Good Move has been a good move for Brussels

This is an opinion article by an external contributor. The views belong to the writer.
Good Move has been a good move for Brussels

Has Brussels got better or worse in the last five years?

This question won’t be on ballot papers Sunday when voters in Brussels elect a new regional parliament. But how they answer this crucial question will decide who governs the capital for the next half decade.

I believe Brussels is a better city now than when the current coalition of socialists, greens and Dutch-speaking liberals took power in 2019. As I argued in a previous column, it is more open, international and self-confident. With its new pedestrianised squares, bike lanes and car-free streets it is also a more liveable city, as polls prove.

This is partly due to Good Move - which has been a good move for Brussels. The controversial mobility policy, which is violently opposed by a vocal minority of residents, aims to restrict through traffic in residential areas and create a more liveable environment for locals.

New data shows it has succeeded beyond all expectations, at least in the centre of Brussels. There is a quarter less through-traffic than two years ago, over a third more cyclists, 20% fewer crashes, less noise and better air quality. Even its effect on local business has been positive, with purchases up 10%.

Despite this, the socialist PS, the liberal MR and the far-left PTB - the three parties topping the polls ahead of elections Sunday - have either been busy campaigning against the measure or lobbying to water it down.

“Brussels deserves better than to be a laboratory of ideologues,” MR lead candidate David Leisterh said in a recent debate. This is ripe coming from the French-speaking liberal party, which is ideologically pro-motorist and against almost all attempts to calm car traffic in one of Europe’s most clogged and polluted cities. In a recent analysis of parties’ mobility policies, the road safety group Heroes for Zero found that the MR is opposed to a kilometre tax aimed at cutting congestion in the city, a points-based licence that would stop repeat offenders driving and measures to curb SUV use in the centre.

But most astonishing of all is the MR’s opposition to ensuring the 30 km/h speed limit - which was introduced four years ago - is actually applied. At present, in a classic Belgian compromise, police forces have a ‘margin of tolerance’ allowing motorists to drive up to 47 km/h without getting fined. Every political party wants to reduce this, except the MR and the far-right Vlaams Belang party.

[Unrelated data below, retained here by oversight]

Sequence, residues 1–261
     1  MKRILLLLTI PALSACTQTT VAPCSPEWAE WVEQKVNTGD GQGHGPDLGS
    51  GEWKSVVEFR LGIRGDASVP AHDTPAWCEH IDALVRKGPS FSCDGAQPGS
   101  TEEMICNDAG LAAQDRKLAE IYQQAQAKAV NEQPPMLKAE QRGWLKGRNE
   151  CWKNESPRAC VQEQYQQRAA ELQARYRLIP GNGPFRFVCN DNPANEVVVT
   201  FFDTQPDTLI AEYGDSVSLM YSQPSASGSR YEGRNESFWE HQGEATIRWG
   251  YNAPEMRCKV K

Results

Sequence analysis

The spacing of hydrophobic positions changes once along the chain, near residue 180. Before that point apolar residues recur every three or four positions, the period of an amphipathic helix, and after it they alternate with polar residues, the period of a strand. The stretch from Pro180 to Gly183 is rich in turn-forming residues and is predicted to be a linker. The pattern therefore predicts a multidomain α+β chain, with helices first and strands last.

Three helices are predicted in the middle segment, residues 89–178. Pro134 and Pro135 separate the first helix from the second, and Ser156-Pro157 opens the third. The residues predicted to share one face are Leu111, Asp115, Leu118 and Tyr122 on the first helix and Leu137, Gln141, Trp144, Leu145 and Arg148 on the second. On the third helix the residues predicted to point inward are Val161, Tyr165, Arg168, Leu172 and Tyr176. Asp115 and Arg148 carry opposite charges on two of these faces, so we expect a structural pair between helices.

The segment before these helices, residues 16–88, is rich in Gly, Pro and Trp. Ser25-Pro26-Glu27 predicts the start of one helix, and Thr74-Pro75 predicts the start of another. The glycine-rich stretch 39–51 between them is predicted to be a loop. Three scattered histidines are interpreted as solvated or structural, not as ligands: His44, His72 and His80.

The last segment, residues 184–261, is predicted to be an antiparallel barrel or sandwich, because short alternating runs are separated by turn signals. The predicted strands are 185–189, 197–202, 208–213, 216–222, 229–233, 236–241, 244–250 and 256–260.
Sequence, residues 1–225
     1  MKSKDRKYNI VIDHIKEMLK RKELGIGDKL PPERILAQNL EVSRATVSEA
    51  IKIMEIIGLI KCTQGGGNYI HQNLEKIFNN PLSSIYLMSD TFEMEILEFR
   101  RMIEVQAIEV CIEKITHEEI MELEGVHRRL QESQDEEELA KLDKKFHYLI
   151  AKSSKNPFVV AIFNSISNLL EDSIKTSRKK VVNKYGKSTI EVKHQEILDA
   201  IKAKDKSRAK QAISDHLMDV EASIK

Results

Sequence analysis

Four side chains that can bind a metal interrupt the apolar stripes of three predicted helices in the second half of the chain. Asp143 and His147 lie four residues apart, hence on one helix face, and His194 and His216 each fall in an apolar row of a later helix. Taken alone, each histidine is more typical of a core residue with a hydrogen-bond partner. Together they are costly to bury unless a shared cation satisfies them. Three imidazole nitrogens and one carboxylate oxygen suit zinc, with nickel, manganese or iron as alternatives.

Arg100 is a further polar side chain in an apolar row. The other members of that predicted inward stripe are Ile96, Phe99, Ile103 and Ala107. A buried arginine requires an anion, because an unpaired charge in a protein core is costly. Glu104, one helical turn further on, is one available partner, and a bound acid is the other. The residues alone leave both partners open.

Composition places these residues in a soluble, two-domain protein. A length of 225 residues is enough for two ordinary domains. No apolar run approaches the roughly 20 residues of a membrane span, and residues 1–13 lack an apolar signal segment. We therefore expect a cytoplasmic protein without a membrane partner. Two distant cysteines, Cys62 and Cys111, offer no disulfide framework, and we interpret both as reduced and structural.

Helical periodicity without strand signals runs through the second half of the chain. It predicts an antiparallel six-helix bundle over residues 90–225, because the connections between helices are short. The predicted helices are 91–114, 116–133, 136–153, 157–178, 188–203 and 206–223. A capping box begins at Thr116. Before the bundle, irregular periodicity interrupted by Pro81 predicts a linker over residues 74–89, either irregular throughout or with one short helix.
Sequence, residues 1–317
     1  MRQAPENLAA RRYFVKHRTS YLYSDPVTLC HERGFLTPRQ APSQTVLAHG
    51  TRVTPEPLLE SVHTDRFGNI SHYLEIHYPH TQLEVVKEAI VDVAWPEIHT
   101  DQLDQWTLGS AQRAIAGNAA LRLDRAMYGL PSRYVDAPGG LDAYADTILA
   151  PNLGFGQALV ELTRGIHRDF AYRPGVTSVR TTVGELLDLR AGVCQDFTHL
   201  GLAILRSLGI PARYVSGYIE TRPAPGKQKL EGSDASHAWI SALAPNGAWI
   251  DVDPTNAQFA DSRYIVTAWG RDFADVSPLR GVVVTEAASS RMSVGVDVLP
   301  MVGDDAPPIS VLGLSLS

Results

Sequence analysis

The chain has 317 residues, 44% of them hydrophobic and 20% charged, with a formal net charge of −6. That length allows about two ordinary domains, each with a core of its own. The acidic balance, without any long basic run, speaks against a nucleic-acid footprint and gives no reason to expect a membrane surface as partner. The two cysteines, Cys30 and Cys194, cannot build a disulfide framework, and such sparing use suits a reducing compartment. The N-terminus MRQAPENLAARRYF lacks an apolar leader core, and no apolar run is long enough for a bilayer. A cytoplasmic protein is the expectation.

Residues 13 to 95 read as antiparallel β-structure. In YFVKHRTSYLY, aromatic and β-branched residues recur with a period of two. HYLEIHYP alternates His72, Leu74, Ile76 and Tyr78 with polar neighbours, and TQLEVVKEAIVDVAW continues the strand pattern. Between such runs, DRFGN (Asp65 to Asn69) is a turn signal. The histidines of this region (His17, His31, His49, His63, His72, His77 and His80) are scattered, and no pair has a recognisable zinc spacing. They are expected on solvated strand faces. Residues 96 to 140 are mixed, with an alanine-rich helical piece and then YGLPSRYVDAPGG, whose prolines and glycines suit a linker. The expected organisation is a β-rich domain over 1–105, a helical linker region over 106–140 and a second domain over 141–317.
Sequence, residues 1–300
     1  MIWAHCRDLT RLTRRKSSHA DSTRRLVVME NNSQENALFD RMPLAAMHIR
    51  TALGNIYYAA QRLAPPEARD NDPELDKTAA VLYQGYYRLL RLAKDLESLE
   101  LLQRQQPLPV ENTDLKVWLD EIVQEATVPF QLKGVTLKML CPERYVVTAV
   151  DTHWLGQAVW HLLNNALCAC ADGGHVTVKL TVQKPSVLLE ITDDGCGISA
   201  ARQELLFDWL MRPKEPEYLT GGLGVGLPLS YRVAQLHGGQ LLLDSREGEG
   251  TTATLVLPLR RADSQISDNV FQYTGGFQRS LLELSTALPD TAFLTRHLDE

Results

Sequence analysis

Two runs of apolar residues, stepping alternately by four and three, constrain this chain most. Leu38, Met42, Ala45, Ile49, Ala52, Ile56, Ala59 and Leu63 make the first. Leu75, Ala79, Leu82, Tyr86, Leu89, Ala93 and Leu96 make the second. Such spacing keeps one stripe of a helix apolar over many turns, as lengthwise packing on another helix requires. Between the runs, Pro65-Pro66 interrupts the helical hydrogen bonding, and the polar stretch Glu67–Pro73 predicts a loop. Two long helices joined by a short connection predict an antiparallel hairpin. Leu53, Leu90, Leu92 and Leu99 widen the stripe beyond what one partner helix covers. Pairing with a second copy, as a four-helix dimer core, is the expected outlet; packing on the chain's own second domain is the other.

Let’s be perfectly clear what this implies. If hit by a car at 50km/h, a pedestrian has a 50% chance of dying. At 30km/h, the same pedestrian’s chance of dying is down to 0-5%, according to Heroes for Zero. So MR is basically running on a policy of tolerating more road deaths – and deaths by traffic pollution for good measure.

The MR’s mobility policy is perhaps predictable for a centre-right liberal party whose national leader is an avowed car-lover. But for the socialist PS to resist so many tried and trusted traffic-calming measures is bewildering, especially because it grudgingly greenlighted Good Move in government. “Good Move has failed,” said Ahmed Laaouej, the socialist candidate to become regional president. “Mobility should be with the people of Brussels, not against them,” he added pledging to completely review the measure.

Yet the socialists’ transport policies act against the people the party is meant to represent. Over half the households in Brussels do not have a car. And in poorer districts like Saint Josse a staggering 70% do not have one. Despite this, the PS and far-left PTB are against a kilometre tax, reducing parking spaces and dissuading SUVs in the city.

So the very parties that are supposed to represent the poor support richer people driving in from Brussels’ more affluent suburbs - often in gigantic SUVs - polluting areas where most people don’t own cars, parking on streets where most people don’t own cars and often causing accidents on roads where most people don’t own cars. Not a good look for ‘progressive’ parties.

Of course, mobility isn’t the only problem the next regional parliament will have to deal with. In a recent study, 45% of Brussels residents said they felt unsafe in the region, a problem that has been exacerbated by a spate of recent drug gang shootings. Homelessness has risen dramatically in recent years, with almost 7,000 people living on the streets. Poverty and youth unemployment are scandalously high for one of Europe’s richest regions. The city is dirty, partly because of a waste collection policy that amounts to tossing stinking plastic bags onto pavements. And the way the city is governed, with 19 mayors for a city of 1.2 million people, is infuriatingly inefficient.

If you think these problems are the major ones Brussels faces and life in the capital is getting worse, then it makes sense to vote for opposition parties. Just be careful to read the small-print – especially when it comes to mobility.

However, if you believe Brussels has become more liveable in the last five years and deserves better than a return to noisy, dirty, car-choked streets, cast your ballot for a party in the governing coalition – especially those not threatening to roll-back some of the good moves the city has made.

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